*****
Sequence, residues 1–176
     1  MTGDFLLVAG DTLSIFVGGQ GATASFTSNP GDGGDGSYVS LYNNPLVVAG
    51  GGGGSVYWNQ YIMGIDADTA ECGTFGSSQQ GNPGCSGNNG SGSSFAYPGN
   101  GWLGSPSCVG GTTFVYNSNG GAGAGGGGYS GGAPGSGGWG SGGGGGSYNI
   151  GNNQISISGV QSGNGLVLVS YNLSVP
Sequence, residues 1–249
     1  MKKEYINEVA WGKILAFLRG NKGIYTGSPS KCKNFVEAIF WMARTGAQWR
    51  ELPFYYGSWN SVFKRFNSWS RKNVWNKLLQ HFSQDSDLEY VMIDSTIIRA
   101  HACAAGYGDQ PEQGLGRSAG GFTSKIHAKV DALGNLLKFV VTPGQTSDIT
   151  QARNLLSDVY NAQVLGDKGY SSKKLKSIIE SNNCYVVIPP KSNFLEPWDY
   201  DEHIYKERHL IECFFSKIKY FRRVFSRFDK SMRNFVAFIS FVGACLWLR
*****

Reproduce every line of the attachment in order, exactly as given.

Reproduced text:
Sequence, residues 1–176
     1  MTGDFLLVAG DTLSIFVGGQ GATASFTSNP GDGGDGSYVS LYNNPLVVAG
    51  GGGGSVYWNQ YIMGIDADTA ECGTFGSSQQ GNPGCSGNNG SGSSFAYPGN
   101  GWLGSPSCVG GTTFVYNSNG GAGAGGGGYS GGAPGSGGWG SGGGGGSYNI
   151  GNNQISISGV QSGNGLVLVS YNLSVP
Sequence, residues 1–249
     1  MKKEYINEVA WGKILAFLRG NKGIYTGSPS KCKNFVEAIF WMARTGAQWR
    51  ELPFYYGSWN SVFKRFNSWS RKNVWNKLLQ HFSQDSDLEY VMIDSTIIRA
   101  HACAAGYGDQ PEQGLGRSAG GFTSKIHAKV DALGNLLKFV VTPGQTSDIT
   151  QARNLLSDVY NAQVLGDKGY SSKKLKSIIE SNNCYVVIPP KSNFLEPWDY
   201  DEHIYKERHL IECFFSKIKY FRRVFSRFDK SMRNFVAFIS FVGACLWLR